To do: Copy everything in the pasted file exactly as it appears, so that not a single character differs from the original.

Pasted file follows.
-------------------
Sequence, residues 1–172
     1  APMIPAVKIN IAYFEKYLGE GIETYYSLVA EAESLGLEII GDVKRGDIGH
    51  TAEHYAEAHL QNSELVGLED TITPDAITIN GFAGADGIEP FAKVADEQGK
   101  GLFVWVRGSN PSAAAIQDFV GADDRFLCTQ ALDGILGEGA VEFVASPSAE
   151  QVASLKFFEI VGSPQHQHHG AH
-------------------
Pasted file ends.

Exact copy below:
Sequence, residues 1–172
     1  APMIPAVKIN IAYFEKYLGE GIETYYSLVA EAESLGLEII GDVKRGDIGH
    51  TAEHYAEAHL QNSELVGLED TITPDAITIN GFAGADGIEP FAKVADEQGK
   101  GLFVWVRGSN PSAAAIQDFV GADDRFLCTQ ALDGILGEGA VEFVASPSAE
   151  QVASLKFFEI VGSPQHQHHG AH